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  1. #1
    Join Date
    Dec 2009
    Posts
    24

    Geo bids/load calculations

    Bids have been all over the place. Finally got to look at load calculations and I think I now understand. With one exception the load cals are close. How the bidders use the load cals is what is different. Some bidders are using the cooling load as a basis for equipment needs. Others are using the full heat load in order to ensure that heat strips are not used. Designing to heat load means that in cooling mode the equipment is greatly over sized. The contractor said not to worry, we will set up your equipment to run cooling only on the first stage. But I am paying for a two stage system! The folks who bid based on cooling load are sizing the unit to run well in cooling but the unit is not producing enough heat without back up. Both camps are set in their positions, "this is how we bid".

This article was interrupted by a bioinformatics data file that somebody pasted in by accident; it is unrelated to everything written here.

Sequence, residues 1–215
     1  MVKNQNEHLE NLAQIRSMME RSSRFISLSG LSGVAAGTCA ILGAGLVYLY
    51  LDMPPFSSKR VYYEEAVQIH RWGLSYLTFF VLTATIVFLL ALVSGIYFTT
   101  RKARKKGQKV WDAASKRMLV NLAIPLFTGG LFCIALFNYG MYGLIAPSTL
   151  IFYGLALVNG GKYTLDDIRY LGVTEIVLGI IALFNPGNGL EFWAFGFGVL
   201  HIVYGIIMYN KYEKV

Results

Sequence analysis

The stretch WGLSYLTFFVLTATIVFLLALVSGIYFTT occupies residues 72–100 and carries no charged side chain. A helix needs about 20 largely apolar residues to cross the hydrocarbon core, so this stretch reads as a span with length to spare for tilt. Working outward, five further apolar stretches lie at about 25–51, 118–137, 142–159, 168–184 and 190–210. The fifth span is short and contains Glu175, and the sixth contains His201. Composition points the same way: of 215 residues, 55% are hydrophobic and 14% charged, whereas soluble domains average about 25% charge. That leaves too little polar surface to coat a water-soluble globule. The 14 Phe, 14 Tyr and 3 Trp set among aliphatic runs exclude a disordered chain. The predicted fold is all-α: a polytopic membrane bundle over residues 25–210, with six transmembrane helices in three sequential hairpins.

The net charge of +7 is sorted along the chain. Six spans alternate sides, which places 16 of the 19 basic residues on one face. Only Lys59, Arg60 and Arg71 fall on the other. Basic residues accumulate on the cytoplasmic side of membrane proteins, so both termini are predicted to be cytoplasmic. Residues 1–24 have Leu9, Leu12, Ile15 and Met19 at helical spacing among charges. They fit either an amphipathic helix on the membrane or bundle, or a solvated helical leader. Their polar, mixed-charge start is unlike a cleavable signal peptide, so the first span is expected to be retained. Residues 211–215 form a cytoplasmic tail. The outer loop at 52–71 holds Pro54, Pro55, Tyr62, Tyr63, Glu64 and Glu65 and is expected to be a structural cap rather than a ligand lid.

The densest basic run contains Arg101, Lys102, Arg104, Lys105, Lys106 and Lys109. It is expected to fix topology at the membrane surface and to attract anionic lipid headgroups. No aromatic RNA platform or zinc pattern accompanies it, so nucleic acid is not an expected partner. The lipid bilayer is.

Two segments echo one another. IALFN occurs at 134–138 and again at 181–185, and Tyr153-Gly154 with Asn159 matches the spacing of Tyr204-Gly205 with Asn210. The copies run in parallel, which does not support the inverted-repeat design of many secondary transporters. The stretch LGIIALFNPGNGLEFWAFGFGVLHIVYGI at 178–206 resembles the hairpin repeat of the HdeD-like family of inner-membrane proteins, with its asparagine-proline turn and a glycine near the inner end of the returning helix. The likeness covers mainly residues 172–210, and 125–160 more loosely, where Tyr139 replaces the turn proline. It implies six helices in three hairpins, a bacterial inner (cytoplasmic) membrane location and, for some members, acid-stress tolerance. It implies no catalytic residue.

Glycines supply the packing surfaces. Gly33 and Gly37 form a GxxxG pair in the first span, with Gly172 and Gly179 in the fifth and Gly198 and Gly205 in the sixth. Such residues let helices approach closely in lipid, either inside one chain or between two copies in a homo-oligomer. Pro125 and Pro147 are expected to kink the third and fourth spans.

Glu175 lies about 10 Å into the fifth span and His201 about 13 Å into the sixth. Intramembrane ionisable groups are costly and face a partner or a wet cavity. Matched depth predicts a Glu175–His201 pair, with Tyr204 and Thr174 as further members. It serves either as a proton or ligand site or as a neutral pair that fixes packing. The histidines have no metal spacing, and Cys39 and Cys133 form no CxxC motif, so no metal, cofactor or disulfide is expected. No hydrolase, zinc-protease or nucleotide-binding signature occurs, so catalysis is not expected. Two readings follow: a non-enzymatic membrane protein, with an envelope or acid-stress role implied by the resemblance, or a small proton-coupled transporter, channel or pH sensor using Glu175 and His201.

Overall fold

As the consumer, buying a do all heat solution, I will find myself paying for cooling equipment I will not use, higher operating costs. One contractor said each ton more than I need will cost me about $15/month. Too small and I pay for expensive back up heat. I am about to throw in the towel and go with a seer 19 air source. Any advice?
    Thanks

  2. #2
    Join Date
    Apr 2008
    Location
    Northwest Arkansas via Chicago Area via Straight Up from There on Lake Superior
    Posts
    1,411
    Quote Originally Posted by hammerone View Post
    ...